That's the big problem with society and politics....it can't see beyond short term greed and wants. Going into space will put pressure on society to start thinking more about medium and long term goals and that's going to be hard for a culture that expects everything to be handed to it on a platter, yesterday or last week. But it's going to have to be done. It's also going to force the cooperation of disparate societies on the planet, where in order to get the job done, this ridiculous, jingoistic, chest beating notion of who's the biggest and baddest in town will have to be consigned to where it belongs...history. We're going to have to grow up, for once.
For a long while yet, it will only be the affluent and/or technologically capable who are going to be able to undertake this kind of endeavour. Despite of all the effort over many decades, much of this planet is still a basket case....Africa being a case in point. Things will have to change both there and in the affluent world before they and others like them can actively join in on space exploration.
I agree with that....just going into space to further what you know is not sufficient enough to drive a space program. But it should be one of its priorities. However, it's been in the spirit of exploration and pushing the boundaries of what we know that's allowed us to advance as fast as we have...and given today's society nearly everything it takes for granted. Without it, and the spending in other areas (including, unfortunately, military research), we'd still be languishing in the 19th Century.
The reasons for going into space probably won't come from those programs you mentioned, but they may influence further technical developments. Unfortunately, political agendas, both present and future, are going to be a major factor behind the capacity for space exploration. If we really want to become the spacefaring civilisation of our dreams...ala "Star Trek" etc, we will have to totally reform our present sociopolitical paradigm and regime. What we have now will only be a hindrance and a millstone around our necks. But, until we do, we're going to have to work with what we have. And make the best of it.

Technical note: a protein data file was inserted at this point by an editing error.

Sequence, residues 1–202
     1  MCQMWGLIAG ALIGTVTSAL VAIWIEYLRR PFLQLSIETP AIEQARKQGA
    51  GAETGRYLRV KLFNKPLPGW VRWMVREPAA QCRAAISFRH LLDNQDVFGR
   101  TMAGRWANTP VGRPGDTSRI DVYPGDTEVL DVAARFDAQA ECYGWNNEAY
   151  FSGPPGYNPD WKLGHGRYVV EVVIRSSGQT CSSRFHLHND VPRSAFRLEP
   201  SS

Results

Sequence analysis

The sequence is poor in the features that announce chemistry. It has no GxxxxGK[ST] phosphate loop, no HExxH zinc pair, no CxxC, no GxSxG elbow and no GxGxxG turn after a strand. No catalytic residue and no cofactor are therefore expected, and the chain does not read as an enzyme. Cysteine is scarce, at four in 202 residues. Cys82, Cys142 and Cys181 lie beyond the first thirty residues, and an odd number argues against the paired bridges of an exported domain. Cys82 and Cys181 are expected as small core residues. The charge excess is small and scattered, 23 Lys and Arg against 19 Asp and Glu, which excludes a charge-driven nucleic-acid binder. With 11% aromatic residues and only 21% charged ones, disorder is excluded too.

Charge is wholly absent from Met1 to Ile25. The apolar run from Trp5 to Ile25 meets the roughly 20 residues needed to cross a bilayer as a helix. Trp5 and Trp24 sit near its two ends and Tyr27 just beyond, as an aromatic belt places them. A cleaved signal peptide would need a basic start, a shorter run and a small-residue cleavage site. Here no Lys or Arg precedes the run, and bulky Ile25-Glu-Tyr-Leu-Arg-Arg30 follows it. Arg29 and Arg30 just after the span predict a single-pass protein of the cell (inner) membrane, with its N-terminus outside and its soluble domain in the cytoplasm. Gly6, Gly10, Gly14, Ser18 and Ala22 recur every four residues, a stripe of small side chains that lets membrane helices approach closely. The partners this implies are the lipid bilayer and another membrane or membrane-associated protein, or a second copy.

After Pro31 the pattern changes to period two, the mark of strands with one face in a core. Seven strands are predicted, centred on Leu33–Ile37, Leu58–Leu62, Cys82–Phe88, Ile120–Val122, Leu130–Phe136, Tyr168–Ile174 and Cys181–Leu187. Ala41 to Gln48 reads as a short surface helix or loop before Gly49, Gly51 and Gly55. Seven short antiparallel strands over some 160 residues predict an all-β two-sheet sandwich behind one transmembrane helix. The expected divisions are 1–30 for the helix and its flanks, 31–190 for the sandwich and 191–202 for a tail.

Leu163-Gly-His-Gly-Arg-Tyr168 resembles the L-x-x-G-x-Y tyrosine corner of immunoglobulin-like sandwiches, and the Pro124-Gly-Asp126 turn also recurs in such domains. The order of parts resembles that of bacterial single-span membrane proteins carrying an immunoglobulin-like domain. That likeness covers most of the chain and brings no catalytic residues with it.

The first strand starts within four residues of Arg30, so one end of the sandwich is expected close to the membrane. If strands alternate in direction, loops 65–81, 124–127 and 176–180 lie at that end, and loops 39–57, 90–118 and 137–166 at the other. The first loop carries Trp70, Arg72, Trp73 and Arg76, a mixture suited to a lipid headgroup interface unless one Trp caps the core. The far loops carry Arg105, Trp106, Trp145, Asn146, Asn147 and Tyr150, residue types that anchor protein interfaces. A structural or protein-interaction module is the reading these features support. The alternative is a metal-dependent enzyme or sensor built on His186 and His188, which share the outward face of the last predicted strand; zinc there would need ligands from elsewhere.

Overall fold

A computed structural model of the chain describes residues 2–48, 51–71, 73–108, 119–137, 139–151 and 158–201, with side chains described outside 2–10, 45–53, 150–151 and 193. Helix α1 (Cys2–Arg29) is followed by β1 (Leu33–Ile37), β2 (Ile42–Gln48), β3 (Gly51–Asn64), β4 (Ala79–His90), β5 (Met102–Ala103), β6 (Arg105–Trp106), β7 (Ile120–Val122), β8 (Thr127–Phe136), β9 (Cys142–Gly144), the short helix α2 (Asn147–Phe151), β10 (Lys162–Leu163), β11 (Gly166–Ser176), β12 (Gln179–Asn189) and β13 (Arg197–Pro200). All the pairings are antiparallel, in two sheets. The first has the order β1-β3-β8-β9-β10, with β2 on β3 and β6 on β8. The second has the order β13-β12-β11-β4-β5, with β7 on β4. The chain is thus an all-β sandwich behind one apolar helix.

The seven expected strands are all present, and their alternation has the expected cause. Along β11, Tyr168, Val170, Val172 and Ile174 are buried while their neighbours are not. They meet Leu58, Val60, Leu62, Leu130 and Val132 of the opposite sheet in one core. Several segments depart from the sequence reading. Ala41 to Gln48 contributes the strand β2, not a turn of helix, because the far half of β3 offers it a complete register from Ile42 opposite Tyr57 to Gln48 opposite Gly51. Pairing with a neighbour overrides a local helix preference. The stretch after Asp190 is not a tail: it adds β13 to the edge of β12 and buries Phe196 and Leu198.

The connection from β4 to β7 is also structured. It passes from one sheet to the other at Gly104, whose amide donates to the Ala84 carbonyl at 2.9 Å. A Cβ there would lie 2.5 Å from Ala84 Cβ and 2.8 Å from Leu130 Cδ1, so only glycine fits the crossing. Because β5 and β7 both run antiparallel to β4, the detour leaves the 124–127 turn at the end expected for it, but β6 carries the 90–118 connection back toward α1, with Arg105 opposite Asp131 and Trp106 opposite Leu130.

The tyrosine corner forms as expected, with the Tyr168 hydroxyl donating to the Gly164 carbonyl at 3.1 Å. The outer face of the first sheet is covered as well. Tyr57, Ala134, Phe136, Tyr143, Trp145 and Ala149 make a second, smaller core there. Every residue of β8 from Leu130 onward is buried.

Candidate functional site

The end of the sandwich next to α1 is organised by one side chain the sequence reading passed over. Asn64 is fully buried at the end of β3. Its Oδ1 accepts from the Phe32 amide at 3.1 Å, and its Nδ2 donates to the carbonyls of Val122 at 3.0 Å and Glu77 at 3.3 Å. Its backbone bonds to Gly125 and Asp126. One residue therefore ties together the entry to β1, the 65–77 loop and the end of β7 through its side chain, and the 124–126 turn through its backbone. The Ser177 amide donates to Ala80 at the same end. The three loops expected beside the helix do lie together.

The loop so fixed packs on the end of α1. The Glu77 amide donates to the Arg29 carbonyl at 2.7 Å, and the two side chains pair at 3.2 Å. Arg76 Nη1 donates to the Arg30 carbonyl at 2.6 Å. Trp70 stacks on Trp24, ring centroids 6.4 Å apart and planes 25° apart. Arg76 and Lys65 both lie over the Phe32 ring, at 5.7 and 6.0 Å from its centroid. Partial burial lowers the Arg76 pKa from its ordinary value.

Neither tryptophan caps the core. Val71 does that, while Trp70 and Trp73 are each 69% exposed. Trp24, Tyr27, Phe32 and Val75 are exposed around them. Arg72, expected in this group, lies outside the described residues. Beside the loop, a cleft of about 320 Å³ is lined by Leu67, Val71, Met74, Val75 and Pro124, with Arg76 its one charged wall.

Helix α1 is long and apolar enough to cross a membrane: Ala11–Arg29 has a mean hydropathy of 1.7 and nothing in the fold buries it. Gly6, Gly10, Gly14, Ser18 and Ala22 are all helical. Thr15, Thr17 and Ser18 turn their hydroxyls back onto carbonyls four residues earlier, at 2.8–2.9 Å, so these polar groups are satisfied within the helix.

The interim hiatus will not necessarily mean an improvement in anything technological or anything else. Given the state of play as it is, it will most probably mean a going backwards as money and talent gets siphoned off into areas concerning furthering military-industrial and party political agendas. The present farce in Iraq and Afghanistan (and elsewhere) is a case in point.
I did...the heading of his article say it all and the tone/direction of his writing clearly points in which direction he's heading and what he believes should be the case. He most certainly was opinionated. His mode of thinking is clearly insular...it's a characteristic of the US which raises its ugly head every now and then. It did before WW1 and WW2 and the times have been ripe for it to become popular in the public conscience again. This time, unless something dramatic happens, it appears to have set in for the long haul.
22-07-2011, 02:59 PM
The final reality is we need space exploration type research...lets hope the debate when it manifests in budget planing etc is only where the money is spent not do we need to spend any money at all.
I know I am crazy to suggest we build battle stars but really if we are to survive long term:shrug:..really long term:D as a species that or a similar approach would seem inevitable ... where would we go if planet "x" drops out of its unobservable possition behind the Sun and was on a collision course:eyepop:;):D...extreme examples but we are the first species to be able to possibly analyse events that in the past has been responsible presumably for mass extintions.
We need to learnt to drive to be able to escape.
I think the debate could be subtly changed to how many humans per year should we be sending on space missions in proportion to unmanned craft...:)
The need for battle stars should be presented in the same manner as the horrors of climate change...mmm...even that ending means we need to be able to leave:eyepop:...happily folk trying to get hotels on the Moon and offer space flights to the average billionaire offer real hope. I remember a mobphone costing $5000 and look how those prices became throwaway...
Anyways part of the carbon tax needs to be set aside for the ultimate Ark:D...
Now there is a happy exercise...designing the ultimate Ark...by the time it is finished there would be maybe 30 billion humans to transport...maybe that T..lsd.>Leary was on the money...hollow out a convienient pile of rock out there and at least we could wait out the planet x collision:rolleyes:.
I bet there is a site out there somewhere where there are folk doing that as I type...the net has taught me that.